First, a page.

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Anbari Fahimeh, Azimi Hosseini Sedighe, Yazdani Zahra, Faghihi Banafsheh, Fallah Fatemeh


Background and aim: Recurrent Aphthous Stomatitis (RAS) is one of the most common lesions in oral mucosa and it is unique to oral mucosa. Since it is a painful condition and cause eating and speaking disturbances, study on its etiology may be helpful in current modalities which are mainly palliative. Microbial factor as etiological factor for these lesions have been suspected. Studies did not show definite results. The aim of this study was to evaluate the relationship between oral microflora (subtypes of Streptococcus, Staphylococcus, Neisseria, Prevotella) and RAS.
methods & materials: this study is an analytical case control study. Totally 21 patients with RAS referred to the department of oral medicine of Shahid Beheshti dental school that 21 patient with no history of RAS participated in study as control group inclusion and exclusion criteria were placed in case group.Samples were taken during RAS (around the lesion) and emission periods and also in control group from the same area. Samples sent to laboratory for microbial culture as soon as possible.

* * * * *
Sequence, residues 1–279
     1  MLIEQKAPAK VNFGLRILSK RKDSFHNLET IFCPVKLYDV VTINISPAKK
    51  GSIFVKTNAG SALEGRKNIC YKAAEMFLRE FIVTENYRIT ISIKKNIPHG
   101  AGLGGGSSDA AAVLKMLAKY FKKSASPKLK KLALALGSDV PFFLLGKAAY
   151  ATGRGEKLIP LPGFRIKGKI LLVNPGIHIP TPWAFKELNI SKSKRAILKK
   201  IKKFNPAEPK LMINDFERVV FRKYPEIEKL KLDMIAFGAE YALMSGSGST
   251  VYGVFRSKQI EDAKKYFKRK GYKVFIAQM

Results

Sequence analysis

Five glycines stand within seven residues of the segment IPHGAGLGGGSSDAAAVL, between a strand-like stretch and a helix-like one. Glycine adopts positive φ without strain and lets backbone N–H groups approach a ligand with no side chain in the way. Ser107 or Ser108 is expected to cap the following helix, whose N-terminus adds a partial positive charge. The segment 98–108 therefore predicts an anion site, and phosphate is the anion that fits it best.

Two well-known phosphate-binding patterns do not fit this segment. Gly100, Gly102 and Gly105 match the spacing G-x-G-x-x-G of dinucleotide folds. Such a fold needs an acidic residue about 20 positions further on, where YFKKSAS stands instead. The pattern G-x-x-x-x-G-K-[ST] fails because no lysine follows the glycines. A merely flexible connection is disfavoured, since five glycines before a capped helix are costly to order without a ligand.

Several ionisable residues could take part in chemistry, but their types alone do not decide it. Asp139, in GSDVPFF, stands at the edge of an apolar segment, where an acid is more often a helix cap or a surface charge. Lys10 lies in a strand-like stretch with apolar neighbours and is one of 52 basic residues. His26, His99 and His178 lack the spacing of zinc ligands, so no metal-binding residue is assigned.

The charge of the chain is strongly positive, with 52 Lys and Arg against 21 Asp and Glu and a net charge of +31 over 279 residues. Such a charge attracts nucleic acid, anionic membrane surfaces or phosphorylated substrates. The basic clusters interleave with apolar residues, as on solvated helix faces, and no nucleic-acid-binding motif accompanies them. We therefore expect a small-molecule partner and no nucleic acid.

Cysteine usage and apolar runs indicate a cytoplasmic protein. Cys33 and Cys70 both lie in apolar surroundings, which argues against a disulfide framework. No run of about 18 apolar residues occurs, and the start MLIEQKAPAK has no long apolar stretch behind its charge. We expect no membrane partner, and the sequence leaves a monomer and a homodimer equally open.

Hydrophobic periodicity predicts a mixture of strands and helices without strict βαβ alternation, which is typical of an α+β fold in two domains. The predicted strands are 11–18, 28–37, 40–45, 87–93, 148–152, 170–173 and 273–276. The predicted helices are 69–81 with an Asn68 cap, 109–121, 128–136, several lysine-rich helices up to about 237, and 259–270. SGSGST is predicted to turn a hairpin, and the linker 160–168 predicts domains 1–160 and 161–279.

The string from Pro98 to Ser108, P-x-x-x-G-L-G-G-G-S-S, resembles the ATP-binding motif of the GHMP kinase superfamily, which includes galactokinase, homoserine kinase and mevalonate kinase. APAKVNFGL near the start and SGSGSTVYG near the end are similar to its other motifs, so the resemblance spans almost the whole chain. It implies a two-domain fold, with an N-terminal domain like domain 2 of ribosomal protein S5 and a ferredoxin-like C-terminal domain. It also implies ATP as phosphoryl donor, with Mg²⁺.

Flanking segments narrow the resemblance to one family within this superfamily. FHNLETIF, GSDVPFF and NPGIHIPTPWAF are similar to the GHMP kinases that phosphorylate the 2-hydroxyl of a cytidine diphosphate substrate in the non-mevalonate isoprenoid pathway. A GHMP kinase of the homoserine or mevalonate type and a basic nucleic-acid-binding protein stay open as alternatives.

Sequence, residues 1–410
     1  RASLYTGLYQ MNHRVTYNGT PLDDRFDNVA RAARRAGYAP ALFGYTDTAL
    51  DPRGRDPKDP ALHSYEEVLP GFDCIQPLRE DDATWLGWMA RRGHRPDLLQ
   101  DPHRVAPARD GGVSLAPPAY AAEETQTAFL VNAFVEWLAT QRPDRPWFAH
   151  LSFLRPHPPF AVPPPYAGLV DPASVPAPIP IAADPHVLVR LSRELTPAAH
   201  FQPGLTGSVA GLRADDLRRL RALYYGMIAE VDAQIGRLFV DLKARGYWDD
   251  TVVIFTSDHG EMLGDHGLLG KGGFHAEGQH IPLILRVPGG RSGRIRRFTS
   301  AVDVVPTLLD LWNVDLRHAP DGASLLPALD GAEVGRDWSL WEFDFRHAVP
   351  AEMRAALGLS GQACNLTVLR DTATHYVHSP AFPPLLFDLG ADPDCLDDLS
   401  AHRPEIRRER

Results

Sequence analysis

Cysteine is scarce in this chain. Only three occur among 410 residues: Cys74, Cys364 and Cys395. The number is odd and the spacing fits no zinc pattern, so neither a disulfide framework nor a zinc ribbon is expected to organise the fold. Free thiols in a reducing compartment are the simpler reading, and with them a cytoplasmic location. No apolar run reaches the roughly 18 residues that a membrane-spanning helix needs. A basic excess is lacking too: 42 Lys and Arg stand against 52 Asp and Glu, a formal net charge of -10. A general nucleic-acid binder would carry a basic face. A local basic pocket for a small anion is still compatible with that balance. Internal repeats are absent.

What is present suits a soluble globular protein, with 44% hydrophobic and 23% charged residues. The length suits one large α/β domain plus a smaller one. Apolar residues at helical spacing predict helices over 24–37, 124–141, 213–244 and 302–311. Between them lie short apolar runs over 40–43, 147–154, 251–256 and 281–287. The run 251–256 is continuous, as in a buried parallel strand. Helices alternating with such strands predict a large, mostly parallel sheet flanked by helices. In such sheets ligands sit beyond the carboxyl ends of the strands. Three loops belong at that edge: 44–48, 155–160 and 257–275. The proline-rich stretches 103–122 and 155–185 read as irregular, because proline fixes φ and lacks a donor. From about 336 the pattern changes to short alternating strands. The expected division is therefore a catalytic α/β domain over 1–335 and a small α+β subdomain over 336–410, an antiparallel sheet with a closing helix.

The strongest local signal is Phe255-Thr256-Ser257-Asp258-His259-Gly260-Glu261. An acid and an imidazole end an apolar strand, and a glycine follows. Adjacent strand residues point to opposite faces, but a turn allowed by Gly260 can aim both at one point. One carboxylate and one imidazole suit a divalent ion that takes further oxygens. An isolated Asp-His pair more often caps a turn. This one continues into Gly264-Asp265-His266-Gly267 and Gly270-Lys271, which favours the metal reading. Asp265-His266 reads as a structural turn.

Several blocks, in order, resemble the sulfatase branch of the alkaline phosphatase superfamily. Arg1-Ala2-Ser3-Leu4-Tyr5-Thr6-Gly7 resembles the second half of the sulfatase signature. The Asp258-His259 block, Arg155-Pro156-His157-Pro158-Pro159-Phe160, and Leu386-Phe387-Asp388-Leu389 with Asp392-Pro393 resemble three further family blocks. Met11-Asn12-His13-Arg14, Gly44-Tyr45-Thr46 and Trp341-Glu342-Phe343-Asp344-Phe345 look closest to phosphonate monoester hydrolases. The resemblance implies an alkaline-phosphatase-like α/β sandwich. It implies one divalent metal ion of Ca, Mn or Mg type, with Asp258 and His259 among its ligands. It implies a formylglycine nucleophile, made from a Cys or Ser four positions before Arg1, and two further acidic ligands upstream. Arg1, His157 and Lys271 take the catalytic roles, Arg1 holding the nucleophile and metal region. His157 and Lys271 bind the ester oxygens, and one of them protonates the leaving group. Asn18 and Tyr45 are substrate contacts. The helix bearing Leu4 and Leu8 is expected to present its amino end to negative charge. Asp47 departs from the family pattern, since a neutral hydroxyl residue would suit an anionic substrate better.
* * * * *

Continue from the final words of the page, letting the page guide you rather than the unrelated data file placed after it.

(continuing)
Results: In case group during RAS and remission period relationship between presence of prevotella melaninogenicus (P=0.003), Neisseria lactamica (P=0.013) Neisseria mucosa (P=0.043), Neisseria subflava (p=0.031), Neisseria sapraphaga (P=0.014), Streptococcus viridance (P=0.001) , Streptococcus mutans (P=0.002) and staphyloccus aureus (P=0.46) was significant .In comparison with case and control group the relationship of prevotella melaninogenicus (P=0.001), Neisseria lactamica (p=0.004) Neisseria mucosa (p=0.045), Neisseria sapraphaga (p=0.03), Streptococcus viridans (P=0.001) and streptococcus mutans (P<0.001) were significant.
Conclusions: According to our findings we can claim that some subgroups of Prevotella, Neisseria and streptococcus may be related to developing aphthous stomatitis.

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